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Birth: Dec. 22, 1814, Ashtabula County, Ohio.
Death: Dec. 6, 1871, Mound City, Linn County, Kansas.
Burial: Woodland Cemetery, Mound City, Linn County, Kansas.
Montgomery, James, pioneer and soldier, was born in Ashtabula county, Ohio, Dec. 22, 1814. He was a cousin of Gen. Richard Montgomery, who fell at the storming of Quebec in 1759. He received an academic education and in 1837 went to Kentucky, where he was for a time engaged in teaching school. While there he joined the Christian church and became a minister of that denomination, but later in life espoused the doctrines of the Adventists. In 1852 he removed to Pike county. Mo., with his family, and a year later he went to Jackson county, in order to be ready to enter Kansas as soon as the territory was organized and the lands opened to settlement. Some of his friends, among whom was Dr. Thornton, knowing him to be opposed to slavery, persuaded him to go to Bates county. Mo., by telling him that he could obtain as good land there as he could in Kansas. He accepted their advice, but quickly became dissatisfied in Bates county and returned to his original resolution to settle in Kansas.
Accordingly he purchased a claim from a pro-slavery settler about 5 miles from the present town of Mound City late in the year 1854. It was not long until he was recognized as a leader by the free-state men of that locality. In 1857 he organized and commanded the "Self-Protective Company," which had been formed to defend the rights of the anti-slavery settlers, and backed by this company Montgomery ordered some of the most rabid pro-slavery citizens to leave the territory. After their departure, he settled down to improve his claim, but later in the year some of the free-state men of Bourbon county, who had been expelled by George Clarke in 1S5O. returned to take possession of their homes along the Little Osage river. They met with opposition, and called upon Montgomery for assistance.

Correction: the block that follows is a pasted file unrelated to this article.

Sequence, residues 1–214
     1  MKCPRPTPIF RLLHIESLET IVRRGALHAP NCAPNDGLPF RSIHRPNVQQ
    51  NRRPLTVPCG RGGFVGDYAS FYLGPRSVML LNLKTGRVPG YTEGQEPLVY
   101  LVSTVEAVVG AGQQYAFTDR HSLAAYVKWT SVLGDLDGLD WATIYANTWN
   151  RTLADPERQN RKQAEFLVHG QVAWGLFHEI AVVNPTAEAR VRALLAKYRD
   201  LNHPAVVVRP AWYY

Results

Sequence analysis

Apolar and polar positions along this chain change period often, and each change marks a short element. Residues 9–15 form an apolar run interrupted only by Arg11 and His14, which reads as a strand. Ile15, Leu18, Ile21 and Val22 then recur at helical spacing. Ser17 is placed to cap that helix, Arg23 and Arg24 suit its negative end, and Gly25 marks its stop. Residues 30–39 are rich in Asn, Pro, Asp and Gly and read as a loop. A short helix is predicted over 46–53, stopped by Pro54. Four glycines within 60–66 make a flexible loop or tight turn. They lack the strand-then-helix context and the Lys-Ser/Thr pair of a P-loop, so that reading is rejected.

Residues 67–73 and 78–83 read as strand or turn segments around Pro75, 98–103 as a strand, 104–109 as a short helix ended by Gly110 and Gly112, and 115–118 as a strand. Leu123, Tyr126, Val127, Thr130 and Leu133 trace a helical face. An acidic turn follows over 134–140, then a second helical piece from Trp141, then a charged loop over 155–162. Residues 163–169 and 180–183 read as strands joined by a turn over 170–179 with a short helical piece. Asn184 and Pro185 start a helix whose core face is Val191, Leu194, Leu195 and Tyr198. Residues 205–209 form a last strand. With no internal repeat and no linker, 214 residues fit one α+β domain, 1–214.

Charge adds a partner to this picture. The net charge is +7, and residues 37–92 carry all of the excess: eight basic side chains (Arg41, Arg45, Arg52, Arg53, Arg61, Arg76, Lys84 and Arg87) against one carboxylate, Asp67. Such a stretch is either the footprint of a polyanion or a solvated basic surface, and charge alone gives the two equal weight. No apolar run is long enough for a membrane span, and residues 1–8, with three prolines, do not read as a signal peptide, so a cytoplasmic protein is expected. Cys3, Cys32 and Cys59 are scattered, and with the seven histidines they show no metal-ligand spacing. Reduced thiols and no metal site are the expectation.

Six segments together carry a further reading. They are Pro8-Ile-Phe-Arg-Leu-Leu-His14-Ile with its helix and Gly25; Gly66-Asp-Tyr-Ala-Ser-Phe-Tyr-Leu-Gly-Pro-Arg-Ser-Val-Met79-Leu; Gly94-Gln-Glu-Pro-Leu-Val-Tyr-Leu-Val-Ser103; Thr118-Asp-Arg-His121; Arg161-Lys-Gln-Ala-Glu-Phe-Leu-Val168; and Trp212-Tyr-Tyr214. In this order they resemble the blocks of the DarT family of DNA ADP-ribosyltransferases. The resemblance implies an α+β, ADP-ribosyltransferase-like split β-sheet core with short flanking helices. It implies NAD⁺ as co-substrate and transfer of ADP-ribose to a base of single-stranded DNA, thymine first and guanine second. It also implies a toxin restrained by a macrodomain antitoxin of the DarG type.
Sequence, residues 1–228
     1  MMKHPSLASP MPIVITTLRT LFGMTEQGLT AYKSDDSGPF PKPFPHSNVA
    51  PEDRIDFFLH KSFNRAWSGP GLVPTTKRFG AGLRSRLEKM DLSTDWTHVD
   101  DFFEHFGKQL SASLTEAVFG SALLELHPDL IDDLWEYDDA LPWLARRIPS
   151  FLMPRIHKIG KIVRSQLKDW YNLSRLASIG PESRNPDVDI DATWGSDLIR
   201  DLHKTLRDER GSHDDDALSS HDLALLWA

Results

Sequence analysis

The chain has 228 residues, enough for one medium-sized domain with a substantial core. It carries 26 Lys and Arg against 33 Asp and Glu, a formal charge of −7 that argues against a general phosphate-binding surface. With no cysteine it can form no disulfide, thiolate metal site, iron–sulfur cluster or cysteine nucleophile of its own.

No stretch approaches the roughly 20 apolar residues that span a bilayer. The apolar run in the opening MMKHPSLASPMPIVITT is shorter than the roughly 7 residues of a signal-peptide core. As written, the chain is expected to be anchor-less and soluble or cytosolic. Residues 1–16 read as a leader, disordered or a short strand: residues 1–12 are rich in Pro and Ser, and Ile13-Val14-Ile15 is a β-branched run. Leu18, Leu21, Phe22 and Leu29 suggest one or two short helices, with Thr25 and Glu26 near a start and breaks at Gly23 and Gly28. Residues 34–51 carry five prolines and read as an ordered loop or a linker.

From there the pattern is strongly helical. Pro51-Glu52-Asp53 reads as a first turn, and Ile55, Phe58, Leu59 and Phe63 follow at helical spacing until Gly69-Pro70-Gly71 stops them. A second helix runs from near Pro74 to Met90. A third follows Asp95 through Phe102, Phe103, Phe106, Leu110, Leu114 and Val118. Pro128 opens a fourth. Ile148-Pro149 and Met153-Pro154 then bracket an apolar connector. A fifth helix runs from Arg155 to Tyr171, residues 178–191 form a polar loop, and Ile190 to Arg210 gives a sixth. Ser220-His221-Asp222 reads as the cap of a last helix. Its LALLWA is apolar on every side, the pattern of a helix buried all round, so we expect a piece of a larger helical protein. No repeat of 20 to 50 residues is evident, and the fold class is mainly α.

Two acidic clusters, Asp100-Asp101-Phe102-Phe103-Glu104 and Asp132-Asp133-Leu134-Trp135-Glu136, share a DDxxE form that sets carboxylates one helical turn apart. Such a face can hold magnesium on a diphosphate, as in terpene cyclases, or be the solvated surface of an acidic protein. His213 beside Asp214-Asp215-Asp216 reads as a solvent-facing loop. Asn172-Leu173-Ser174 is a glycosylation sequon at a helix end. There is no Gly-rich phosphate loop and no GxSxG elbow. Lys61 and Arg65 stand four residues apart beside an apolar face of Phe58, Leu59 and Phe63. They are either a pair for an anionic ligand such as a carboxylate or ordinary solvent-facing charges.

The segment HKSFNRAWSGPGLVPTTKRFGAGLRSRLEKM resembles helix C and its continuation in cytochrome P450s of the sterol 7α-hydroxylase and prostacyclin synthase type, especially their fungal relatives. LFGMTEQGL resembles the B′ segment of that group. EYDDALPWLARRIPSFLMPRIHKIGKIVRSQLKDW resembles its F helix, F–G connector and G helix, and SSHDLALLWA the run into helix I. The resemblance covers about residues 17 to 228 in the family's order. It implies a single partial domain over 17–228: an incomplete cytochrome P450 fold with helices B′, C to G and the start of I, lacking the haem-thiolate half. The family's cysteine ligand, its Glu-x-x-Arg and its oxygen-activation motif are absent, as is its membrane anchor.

In December he took the field with his company and created so much disturbance that Gov. Denver found it necessary to order a detachment of soldiers to that part of the state to preserve order. (See Denver's and Medary's Administrations.) In 1859 he was a candidate for representative in the territorial legislature, but was defeated by W. R. Wagstafif. On July 24, 1861, he was mustered into the Union army as colonel of the Third Kansas infantry, but was transferred to the command of the Second South Carolina colored regiment, with which he made a raid into Georgia.
This regiment, with Col. Montgomery in command, distinguished itself at the battle of Olustee, Fla., Feb. 20, 1864. After the war he returned to his home in Linn county, Kan., where he died on Dec. 6, 1871. During the border troubles preceding the Civil war, some of his men would frequently indulge in plundering their enemies, but Montgomery never was a party to such proceedings. One writer says : "He died poor, although he had ahtmdant opportunity to steal himself rich in the name of liberty."